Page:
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Sunday, January 28, 2018

Wealth as a Societal Value in the E.U. and U.S.: The Case of Financial Reform

The E.U. and U.S differ markedly in the degree to which the interests of big business are etched in the respective societies and polities. That is to say, the difference goes beyond the question of the relative influences of the lobbyists. I contend that the relative proclivity societally in favor of business in the U.S. tilts the political playing-field excessively in the direction of the financial interests at the expense of the public good, which I take to be well represented generally by a full, equally-weighted spectrum of views. I further contend that influence is easier for financial-sector lobbyists in the United States than in the European  Union because the societal values in the former lean more in their favor. By analogy,  it is easier to run downhill than even on a flat surface.

The full essay is at "Wealth as a Societal Value."

On the Influence of Wall Street in Congress: The Proposal to Distinguish Financial and Commercial Derivatives

In the process whereby financial reform legislation made its way through Congress after the financial crisis of 2008, the U.S. House and Senate had different approaches concerning who would be required to go through a clearing house to buy or sell derivative securities. According to Michael Masters, "The clearing house would stand in the middle of the transaction and guarantee both sides of the trade. If one counterparty to the transaction fails, then the central counterparty absorbs those losses, protecting the system as a whole from collapse."  Masters claims that "Wall Street firms hate this idea because their prodigious profits will dwindle when derivatives are traded in the light of day, letting their counter-parties see the true costs. So Wall Street is pushing hard to exempt as many transactions as possible."  Given the culpability of Wall Street in the financial crisis, they were in no position to "push hard." That they did nonetheless is a telling sign of the underlying character, or lack thereof, "on the street."  Furthermore, that the representatives and senators were listening to them ought to cause the voters some concern.  Yet because of the reality of the banks' muscle on the hill, the power of the banks to exploit any loopholes in the final legislation should have been salient as the legislation made its way through Congress. This can be seen in whether to favor the House or Senate version.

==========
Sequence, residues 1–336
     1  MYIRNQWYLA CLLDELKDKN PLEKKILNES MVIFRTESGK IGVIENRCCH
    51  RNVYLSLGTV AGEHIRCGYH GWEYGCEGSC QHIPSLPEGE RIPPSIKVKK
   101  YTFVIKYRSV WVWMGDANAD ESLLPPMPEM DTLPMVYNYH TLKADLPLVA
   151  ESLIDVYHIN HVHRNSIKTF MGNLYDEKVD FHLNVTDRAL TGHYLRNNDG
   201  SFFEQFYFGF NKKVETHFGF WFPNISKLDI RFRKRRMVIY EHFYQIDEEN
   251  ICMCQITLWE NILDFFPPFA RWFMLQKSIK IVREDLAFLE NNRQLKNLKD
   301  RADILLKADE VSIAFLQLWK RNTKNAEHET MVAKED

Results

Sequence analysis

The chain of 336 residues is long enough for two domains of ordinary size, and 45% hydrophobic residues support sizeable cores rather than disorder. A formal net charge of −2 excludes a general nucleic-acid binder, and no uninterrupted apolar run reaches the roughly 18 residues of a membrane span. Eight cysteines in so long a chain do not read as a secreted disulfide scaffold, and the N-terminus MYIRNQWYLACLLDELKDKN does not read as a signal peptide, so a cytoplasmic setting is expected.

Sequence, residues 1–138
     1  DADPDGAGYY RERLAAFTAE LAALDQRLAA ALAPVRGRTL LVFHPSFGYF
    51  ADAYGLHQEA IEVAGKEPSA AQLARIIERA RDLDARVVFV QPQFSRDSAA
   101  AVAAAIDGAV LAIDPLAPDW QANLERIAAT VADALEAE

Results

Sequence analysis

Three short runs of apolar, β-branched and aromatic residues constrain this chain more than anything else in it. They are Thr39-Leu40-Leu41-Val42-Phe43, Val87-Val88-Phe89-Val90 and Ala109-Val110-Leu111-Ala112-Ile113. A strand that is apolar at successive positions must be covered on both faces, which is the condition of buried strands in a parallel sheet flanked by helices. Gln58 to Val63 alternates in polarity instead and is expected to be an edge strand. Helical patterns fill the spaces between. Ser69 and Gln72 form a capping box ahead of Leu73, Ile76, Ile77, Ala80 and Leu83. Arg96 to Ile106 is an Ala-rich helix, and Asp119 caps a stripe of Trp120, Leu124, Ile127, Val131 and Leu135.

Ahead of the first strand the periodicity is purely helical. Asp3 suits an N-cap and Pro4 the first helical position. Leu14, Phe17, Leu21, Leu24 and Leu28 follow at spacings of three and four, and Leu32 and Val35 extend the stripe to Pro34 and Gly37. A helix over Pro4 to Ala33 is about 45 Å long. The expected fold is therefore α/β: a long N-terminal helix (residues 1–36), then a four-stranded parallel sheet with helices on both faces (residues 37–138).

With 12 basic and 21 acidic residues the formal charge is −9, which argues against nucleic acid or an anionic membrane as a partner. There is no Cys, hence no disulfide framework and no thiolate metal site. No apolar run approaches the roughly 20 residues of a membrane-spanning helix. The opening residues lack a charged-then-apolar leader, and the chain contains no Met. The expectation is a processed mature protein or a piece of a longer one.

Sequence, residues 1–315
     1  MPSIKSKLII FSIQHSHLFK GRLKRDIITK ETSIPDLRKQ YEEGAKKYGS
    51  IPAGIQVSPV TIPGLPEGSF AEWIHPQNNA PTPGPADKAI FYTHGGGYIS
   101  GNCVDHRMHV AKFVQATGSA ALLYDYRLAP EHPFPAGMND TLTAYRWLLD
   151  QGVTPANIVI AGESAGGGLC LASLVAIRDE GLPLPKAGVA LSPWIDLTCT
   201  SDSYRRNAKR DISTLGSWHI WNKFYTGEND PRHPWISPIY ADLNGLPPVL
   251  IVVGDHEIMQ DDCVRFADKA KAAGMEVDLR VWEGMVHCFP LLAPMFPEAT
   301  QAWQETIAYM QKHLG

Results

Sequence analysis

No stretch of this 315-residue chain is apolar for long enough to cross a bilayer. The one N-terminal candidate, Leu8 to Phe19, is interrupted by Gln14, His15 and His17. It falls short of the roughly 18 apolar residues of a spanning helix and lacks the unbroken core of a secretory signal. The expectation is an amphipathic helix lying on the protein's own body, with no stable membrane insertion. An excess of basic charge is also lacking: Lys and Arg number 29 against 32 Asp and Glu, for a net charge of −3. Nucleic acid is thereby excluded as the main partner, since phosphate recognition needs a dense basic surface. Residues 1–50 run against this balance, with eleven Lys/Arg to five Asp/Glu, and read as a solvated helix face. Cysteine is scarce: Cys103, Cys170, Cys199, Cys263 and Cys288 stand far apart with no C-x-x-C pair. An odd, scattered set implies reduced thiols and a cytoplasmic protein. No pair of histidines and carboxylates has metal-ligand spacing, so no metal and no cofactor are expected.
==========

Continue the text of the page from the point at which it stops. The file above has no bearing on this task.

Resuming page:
The full essay is at "Wall Street's Influence in Congress."

Westboro Church's Anti-Gay and John Galliano's Anti-Semitic Opinions: The U.S. and E.U. Contrasted

The First Amendment protects free speech in the U.S. even if it is as hurtful as signs at a Marine funeral proclaiming "Thank God for Dead Soldiers," the U.S. Supreme Court ruled on March 2, 2011. The Westboro Baptist Church celebrated the death of Lance Cpl. Matthew Snyder in Iraq with signs such as "God Hates You," along with anti-gay messages at his funeral in Maryland in 2006. The late Marine's father sought damages for emotional distress. An appellate court had reversed the $5 million award granted by a district court, and the U.S. Supreme Court concurred with the appellate court's decision.  The Wall Street Journal notes that "Chief Justice Roberts nodded to the wrenching set of facts in the case, writing that 'the applicable legal term— 'emotional distress'—fails to capture fully the anguish Westboro's choice added to Mr. Snyder's already incalculable grief.'"  Crucially, however, the justices of the majority opinion would not fall to the temptation of acting on the emotion that naturally follows hearing of such harm.

Interestingly, on the same day as the American high court's decision, the designer John Galliano was being fired by Dior's CEO and investigated by the French police (for inciting racial hatred with anti-Semitic statement, which is illegal in at least the French and German states of the EU) for having made anti-Semitic insults to a couple with whom he was arguing late at night in a trendy bar (cafe) in Paris. There, the emotions got the best of both the designer and those who reacted to the video posted of his comments (albeit showing only a part of the argument). Perhaps a grieving father at his son's funeral reading signs that thank God for dead American soldiers can be likened to a Jewish couple at a bar hearing that they are lucky their grandparents or parents were not exterminated by the Nazis. It is difficult for the rest of us to know how either feels, or how to compare the pain.

In any case, that any human being would want to hurt another so much is truly a sad commentary on our species that otherwise vaunts itself as being in the image of God. Perhaps the question is what kind of God is being envisioned here. A vengeance is mine, sayth the Lord sort, which Nietzsche condemns in his writings as already discredited on account of having such a sordid divine attribute as vengeance?  The deed is done, according to Nietzsche.  So too, the pain has already been inflicted on the grieving parents and the Jewish couple.  The rest is merely mopping up. 

I contend that the impulsive reaction in Europe to the fashion designer's drunken anti-Semitic slurs is inferior to the majority opinion of the American court in the Westboro case because the tolerance of reason is more in keeping with a free society than is vengeance or retribution against a disliked opinion. 

The full essay is at "Anti-Gay and Anti-Semetic Statements."